David’s Palace – Two Corrections and One Observation

Several days ago, while doing research on the discovery of David’s palace, I read the article written by Steven Erlanger, “King David’s Palace Is Found, Archaeologist Says,” published in The New York Times on August 5, 2005.  This article was also published in several newspapers, both in the United States and abroad.

While reading the article, I discovered two factual errors made by Mr. Erlanger that need to be corrected.  These two errors were also reproduced by those newspapers that carried the article.  Below is a list of the two factual errors in the article.

Mr. Erlanger wrote: “Even Israeli archaeologists are not so sure that Mazar has found the palace – the house that Hiram, king of Tyre, built for the victorious king, at least as Samuel 2:5 describes it.”  Mr. Erlanger cites “Samuel 2:5″ but this citation is an error since it does not give the precise location in the Book of Samuel where the information is found.  The correct biblical reference for David’s conquest of Jerusalem and the building of his palace is “2 Samuel 5.”

Mr. Erlanger wrote: “Archaeologists debate ‘to what extent Jerusalem was an important city or even a city in the time of David and Samuel,’ he said.”    Mr. Erlanger mentions “David and Samuel” but this information is incorrect.  The prophet Samuel died many years before David became king of Judah and conquered Jerusalem.  Jerusalem became an important city to “David and Solomon” since it was David who made the city his capital and it was Solomon who built the temple for God in Jerusalem.  In other places in his article, Mr. Erlanger correctly mentions “David and Solomon.”

In his article, Mr. Erlanger mentioned that in the remains of David’s palace, Professor Mazar discovered a bulla, or governmental seal, of a Judean official named Jehucal (or Jucal), the son of Shelemiah, the son of Shevi.  One interesting fact about this bulla is that Shelemiah is called the son of Shevi.  Jehucal, the son of Shelemiah appears twice in Jeremiah (Jeremiah 37:3; 38:1), but Shelemiah is never identified as the son of Shevi.  In fact, Shevi never appears as a personal name in the Hebrew Bible.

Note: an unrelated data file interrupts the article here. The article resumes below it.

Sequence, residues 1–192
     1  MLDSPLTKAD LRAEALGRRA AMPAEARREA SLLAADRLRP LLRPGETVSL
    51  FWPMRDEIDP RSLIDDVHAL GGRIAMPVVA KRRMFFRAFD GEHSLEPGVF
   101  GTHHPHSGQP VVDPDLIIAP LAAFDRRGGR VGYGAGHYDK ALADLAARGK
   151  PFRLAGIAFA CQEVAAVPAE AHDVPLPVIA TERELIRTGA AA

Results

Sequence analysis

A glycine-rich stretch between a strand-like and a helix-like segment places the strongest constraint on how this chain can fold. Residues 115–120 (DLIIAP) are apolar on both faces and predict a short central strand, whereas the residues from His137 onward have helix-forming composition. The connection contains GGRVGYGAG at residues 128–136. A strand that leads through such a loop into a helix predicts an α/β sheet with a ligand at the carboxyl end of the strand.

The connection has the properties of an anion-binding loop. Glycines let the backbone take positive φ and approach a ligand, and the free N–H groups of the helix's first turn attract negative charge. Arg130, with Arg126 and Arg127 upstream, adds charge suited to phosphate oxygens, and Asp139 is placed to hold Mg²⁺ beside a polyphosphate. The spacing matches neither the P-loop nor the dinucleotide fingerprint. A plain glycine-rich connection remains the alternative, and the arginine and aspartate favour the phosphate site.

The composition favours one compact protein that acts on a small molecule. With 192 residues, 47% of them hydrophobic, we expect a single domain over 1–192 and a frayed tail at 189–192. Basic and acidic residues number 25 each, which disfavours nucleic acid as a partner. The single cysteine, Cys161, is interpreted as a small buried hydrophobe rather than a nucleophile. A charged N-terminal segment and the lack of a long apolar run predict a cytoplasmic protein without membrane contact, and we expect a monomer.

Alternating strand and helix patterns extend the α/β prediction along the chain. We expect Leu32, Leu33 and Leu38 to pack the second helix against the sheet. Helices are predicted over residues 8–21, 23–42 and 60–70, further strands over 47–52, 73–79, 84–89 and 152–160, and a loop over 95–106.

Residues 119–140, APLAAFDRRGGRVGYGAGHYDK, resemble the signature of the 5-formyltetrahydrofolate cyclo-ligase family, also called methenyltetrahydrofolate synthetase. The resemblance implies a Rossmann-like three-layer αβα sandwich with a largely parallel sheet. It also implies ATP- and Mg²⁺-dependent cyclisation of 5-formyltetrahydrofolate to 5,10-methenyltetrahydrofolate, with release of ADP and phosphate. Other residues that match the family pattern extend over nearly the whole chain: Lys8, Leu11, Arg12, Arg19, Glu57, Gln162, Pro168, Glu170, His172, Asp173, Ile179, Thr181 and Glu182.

There are several persons named Shelemiah in the Old Testament:

1. One person named Shelemiah was a Levite appointed to guard the east entrance to the tabernacle under David, while his son Zechariah guarded the northern gate (1 Chronicles 26:14).

2. Another person named Shelemiah was the son of Cushi and the father of Netaniah.  Netaniah was the father of Jehudi.  The princes of Judah sent Jehudi to Baruch to invite him to read
Jeremiah’s scroll to them (Jeremiah 36:14).

3. Another person named Shelemiah was the son of Hananiah and the father of Irijah.  Irijah arrested Jeremiah as the prophet was leaving the city and accused him of deserting to the Babylonians (Jeremiah 37:13).

4. Another Shelemiah was the son of Abdeel and one of those ordered by King Jehoiakim to apprehend Baruch and Jeremiah (Jeremiah 36:26).

5. Two persons named Shelemiah appear in the Book of Ezra as descendants of Binnui who were commanded to divorce their Gentile wives after the people returned from their exile in Babylon  (Ezra 10:39, 41).

6. Another Shelemiah was the father of the Hananiah who repaired part of the walls of Jerusalem
(Nehemiah 3:30).  This Hananiah may have been the same person who was one of the perfumers who helped repair the walls of Jerusalem (Nehemiah 3:8).

7. Another person named Shelemiah in the Old Testament was a priest appointed by Nehemiah as commissary of the Levitical tithes (Nehemiah 13:13).

8.  Then, there is Shelemiah, the son of Shevi, who was the father of Jehucal.  Jehucal was one of the palace officers, whom Zedekiah, King of Judah, sent to Jeremiah to intercede for Jerusalem during the Babylonian crisis (Jeremiah 37:3).   Jehucal was probably one of those officials who asked King Jehoiakim to put Jeremiah to death, accusing the prophet of being a traitor and of undermining the morale of the soldiers who were left in Jerusalem, as well as the morale of the people who were taking refuge in the city. (Jeremiah 38:1, 4).

The fact that the bulla discovered by Professor Mazar says that Shelemiah was the son of Shevi is important because this information does not appear in the Old Testament.  Once again, archaeology provides that kind of information that helps us understand the life and times of the people who are mentioned in the Bible.

Mr. Erlanger wrote a good and informative article.  It is just sad that the errors he introduced in his article were reprinted in so many other newspapers, giving readers incorrect information about some of the items related to Professor Mazar’s discovery.

Claude F. Mariottini
Professor of Old Testament
Northern Baptist Seminary

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This entry was posted in Archaeology, Eilat Mazar, Hebrew Bible, Old Testament, Shelemiah and tagged , , , , . Bookmark the permalink.

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